Editor's note: This is an early impressions piece of Metal Gear Solid 5: The Phantom Pain, based on a recent review event. Our full review from final retail code will be live in the near future.
Hideo Kojima's name may not be on Metal Gear Solid 5: The Phantom Pain's marketing, but it's all over the game. Every mission opens with a credits sequence overlaying its intro with Kojima's name popping up at least once once each time. Perhaps it's a jab at Konami, though maybe it's the sort of ego-stroking flourish his employers grew weary of. Regardless of your take on the corporate domestic dispute, the message is clear: with The Phantom Pain we're clearly back in Kojima town.
Editor's note: this article contains strong references to child abuse which some readers may find distressing.
At the start of the new year, we once used to run a series looking at the trends we think will emerge over the next 12 months - the ideas and technologies that will go on to shape and define the games we play and how we play them. This year, it didn't seem a particularly fitting way to tackle what lies ahead: not because there won't be grand themes emerging, and not because there won't be new approaches that will dazzle and confound us, but rather because it seems pointless pointing out what's becoming patently obvious.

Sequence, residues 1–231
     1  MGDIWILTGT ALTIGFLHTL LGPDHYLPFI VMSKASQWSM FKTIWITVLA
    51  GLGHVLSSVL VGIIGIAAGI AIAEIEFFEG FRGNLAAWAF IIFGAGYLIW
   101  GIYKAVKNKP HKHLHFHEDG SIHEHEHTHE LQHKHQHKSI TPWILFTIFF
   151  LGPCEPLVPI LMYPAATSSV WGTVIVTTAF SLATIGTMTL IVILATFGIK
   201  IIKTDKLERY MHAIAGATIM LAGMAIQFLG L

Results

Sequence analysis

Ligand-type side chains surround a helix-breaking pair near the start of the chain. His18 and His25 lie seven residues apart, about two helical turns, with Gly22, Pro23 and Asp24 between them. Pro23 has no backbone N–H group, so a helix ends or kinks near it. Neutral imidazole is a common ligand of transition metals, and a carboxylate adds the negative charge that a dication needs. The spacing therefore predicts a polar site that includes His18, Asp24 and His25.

Stop me if you've think that you've heard this one before. Japan's best years in the games industry are behind it, the Tokyo Game Show is an irrelevance to western audiences and consoles are all but done for in the land that was once their spiritual home. It's bunk, mostly, and this week's show has been a sweet, sharp reminder that Japan remains the source of some of the grandest in the world of video games, as well as the best barometer of its future.
Lara Croft and Solid (or Naked, or whatever) Snake: you can't rival these two rock stars of gaming for their iconic power. And though Snake's roots go back a little further, they both have a deep, emblematic connection with the fifth generation of game consoles, the so-called PlayStation generation - those heady days of the late 90s when gaming burst out of teen bedrooms, into 3D and into a cinematic world of high adventure and sexy intrigue.
Earlier this year we were given a taste of Metal Gear Solid 5 with the release of Ground Zeroes across four different console platforms. It was an impressive game with a robust graphics engine, but it only represented a small chunk of what will ultimately become Metal Gear Solid 5: The Phantom Pain, due next year. However, the release of a 1080p60 video of the 30-minute E3 demo (at 50mbps h.264 no less) allows us to post an update to some of the visible changes observed in this demo version of The Phantom Pain versus what we experienced earlier with Ground Zeroes.
Snake is undoubtedly the star of the Metal Gear show, but in The Phantom Pain, Mother Base runs him a close second.
Hideo Kojima's exacting standards for Metal Gear Solid 5 are plain to see. Few developers target 60fps, and fewer still actually achieve a completely locked, flawlessly smooth experience. Kojima Productions achieved just that with Ground Zeroes, and the brand new E3 2014 trailer gives us the chance to see whether the technology can achieve the same trick with a more demanding range of characters, actions and locales.